Raymie Nightingale by Kate diCamillo (2016) - I laughed and laughed while reading this one - what an amazingly well-written story!
The War Below by Marsha Forchuk Skrypuch (2018) - Another book about children in war time - this one tells of the Ukrainian Insurgent Army, which operated below the ground during WWII
Breakout by Kate Messner (2018) - how three preteens cope with racism and more during a prisoner breakout in their town - told via images, text messages, poetry, and correspondence
Front Desk by Kelly Yang (2018) - based on the true story of the author as a child, who often manned the front desk of the motel her parents managed, and how they hid illegal immigrants from the mean motel owner
Winnie's Great War by Lindsay Mattick (2018) - another story told by the great-granddaughter of Harry Colebourn, who saved a black bear from a trapper while on his way to fight in WWII, and told from Winnie's point of view
The Crossover by Kwame Alexander (2014) - the story of twins on and off the basketball court, told in free verse. The climax will make you gasp! The prequel Rebound (published in 2018), is just as good, but should be read after Crossover.
Endling: The Last by Katherine Applegate (2018) - first book in a new series by the author of The One and Only Ivan, a fantasy about the last of a species that includes the message of inclusion and respect for others who are different from us.
The War That Saved My Life by Kimberly Brubaker Bradley (2015) - one of my favourites for sure, about an abused girl sent out of London during the bombing of WWII (make sure to follow up with the sequel The War I Finally Won, published this year)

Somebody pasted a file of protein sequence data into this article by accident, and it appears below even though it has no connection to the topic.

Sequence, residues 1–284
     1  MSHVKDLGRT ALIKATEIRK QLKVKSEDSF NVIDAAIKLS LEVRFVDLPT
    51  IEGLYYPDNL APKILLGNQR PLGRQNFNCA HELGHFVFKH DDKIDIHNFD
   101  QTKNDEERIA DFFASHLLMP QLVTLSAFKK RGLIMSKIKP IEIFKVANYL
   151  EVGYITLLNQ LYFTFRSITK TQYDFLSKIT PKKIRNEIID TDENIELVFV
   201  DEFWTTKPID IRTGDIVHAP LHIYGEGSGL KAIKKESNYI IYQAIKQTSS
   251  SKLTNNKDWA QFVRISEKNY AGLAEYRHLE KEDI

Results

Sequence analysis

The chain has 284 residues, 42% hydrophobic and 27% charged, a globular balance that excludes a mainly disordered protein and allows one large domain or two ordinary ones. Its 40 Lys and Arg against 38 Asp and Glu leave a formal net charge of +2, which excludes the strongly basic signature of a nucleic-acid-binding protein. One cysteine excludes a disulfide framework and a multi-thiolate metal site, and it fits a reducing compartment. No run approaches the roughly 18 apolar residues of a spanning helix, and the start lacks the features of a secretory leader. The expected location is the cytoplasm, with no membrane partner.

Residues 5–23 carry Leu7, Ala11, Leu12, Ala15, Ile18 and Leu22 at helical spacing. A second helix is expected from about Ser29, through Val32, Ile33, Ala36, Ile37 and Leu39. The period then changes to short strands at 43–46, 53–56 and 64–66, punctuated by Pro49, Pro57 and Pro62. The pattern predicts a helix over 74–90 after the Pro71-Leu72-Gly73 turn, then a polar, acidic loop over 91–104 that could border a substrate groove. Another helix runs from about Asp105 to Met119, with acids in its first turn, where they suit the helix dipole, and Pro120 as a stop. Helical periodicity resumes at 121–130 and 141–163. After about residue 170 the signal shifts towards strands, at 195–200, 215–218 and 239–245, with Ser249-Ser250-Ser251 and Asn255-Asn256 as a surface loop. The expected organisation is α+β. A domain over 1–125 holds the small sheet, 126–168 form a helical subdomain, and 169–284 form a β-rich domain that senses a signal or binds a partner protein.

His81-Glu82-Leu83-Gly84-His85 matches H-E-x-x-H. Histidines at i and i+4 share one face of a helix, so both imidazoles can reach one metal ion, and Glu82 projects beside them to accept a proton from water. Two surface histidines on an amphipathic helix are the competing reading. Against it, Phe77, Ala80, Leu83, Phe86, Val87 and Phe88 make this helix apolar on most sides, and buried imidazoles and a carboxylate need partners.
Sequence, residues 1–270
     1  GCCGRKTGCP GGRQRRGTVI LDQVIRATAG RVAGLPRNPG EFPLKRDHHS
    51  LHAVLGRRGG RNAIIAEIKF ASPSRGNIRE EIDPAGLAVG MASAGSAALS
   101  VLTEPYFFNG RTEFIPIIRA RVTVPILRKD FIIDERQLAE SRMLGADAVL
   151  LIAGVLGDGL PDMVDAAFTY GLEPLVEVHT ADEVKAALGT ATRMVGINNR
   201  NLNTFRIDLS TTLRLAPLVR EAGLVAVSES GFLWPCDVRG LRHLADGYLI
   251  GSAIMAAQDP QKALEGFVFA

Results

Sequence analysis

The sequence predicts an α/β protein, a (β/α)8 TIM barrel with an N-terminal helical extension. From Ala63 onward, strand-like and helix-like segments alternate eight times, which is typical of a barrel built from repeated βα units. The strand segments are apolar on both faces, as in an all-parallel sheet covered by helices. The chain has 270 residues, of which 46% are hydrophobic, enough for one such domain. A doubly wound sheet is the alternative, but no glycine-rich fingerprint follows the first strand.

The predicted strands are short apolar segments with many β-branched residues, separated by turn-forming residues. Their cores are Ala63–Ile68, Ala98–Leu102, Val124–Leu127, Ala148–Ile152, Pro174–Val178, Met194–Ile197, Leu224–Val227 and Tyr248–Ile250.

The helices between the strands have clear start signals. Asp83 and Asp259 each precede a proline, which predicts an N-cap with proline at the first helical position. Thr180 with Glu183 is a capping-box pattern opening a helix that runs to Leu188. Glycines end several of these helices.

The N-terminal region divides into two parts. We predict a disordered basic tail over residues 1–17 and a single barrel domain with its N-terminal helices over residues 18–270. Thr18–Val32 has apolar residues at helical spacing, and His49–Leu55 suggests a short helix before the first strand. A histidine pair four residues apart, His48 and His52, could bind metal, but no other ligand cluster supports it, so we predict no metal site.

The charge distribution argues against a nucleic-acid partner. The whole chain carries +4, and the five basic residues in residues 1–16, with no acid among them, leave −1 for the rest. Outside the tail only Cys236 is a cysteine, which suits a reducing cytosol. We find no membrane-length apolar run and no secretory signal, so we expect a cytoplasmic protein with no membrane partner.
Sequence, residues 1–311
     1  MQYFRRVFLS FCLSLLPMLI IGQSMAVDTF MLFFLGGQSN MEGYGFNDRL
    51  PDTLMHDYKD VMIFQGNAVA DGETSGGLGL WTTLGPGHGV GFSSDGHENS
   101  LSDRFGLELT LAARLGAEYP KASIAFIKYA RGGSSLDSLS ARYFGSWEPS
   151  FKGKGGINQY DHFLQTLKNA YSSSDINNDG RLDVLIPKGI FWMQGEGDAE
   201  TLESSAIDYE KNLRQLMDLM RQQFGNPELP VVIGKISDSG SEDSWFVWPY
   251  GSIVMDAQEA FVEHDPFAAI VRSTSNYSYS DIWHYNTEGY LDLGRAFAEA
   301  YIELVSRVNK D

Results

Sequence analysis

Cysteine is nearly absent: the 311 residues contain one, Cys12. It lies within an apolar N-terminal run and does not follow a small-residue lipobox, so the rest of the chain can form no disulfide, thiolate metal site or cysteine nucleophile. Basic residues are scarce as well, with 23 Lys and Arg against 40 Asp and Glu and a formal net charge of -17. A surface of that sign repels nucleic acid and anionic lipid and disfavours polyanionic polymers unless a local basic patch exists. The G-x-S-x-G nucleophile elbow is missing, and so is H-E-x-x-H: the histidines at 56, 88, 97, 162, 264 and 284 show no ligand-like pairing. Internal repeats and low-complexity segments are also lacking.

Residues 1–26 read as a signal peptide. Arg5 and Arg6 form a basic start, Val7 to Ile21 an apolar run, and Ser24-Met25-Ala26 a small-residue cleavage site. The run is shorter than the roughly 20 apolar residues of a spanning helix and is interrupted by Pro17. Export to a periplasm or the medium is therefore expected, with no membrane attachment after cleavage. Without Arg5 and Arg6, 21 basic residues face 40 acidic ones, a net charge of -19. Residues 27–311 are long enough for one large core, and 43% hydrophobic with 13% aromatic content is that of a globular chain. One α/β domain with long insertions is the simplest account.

Born a Crime by Trevor Noah (2016) - memoir by TV personality who grew up in South Africa during and immediately after Apartheid
Strangers (2017) and Monsters (2018) by David A Robertson - the first two books in a supernatural trilogy featuring Cole, a young boy returning to his reserve to solve the mystery surrounding his hometown and his father's disappearance
Brown Girl Dreaming by Jacqueline Woodson (2014) - absolutely beautiful novel in verse about growing up during the Civil Rights era
Love, Hate and Other Filters by Samira Ahmed (2018) - a Global Read Aloud choice about a Muslim American teen and the events surrounding her and her small town after a terrorist attack
The Hate U Give by Angie Thomas (2017) - lots of awards for this book too, about how a young girl copes after the shooting death of her friend by a police officer (the movie came out this year too, and is definitely worth watching!)
Long Way Down by Jason Reynolds (2017) - one of my favourite YA authors, this novel in verse tells of a teen who meets a ghost on each floor of his apartment building as he sets out to avenge his brother's death in a gang shooting
Piecing Me Together by Renee Watson (2017) - SO AMAZING! You must read this beautifully written story of a young girl and her struggle to make others see her and value her, in a world that values the wrong things
Refugee by Alan Gratz (2017) - this is a message the world needs to hear - another Global Read Aloud choice about three child refugees in different eras, trying to survive the journey from their different countries, for different reasons
180 Days: Two Teachers and the Quest to Engage and Empower Adolescents by Kelly Gallagher and Penny Kittle (2018) - how to plan your ELA year and grab hold of your students' interest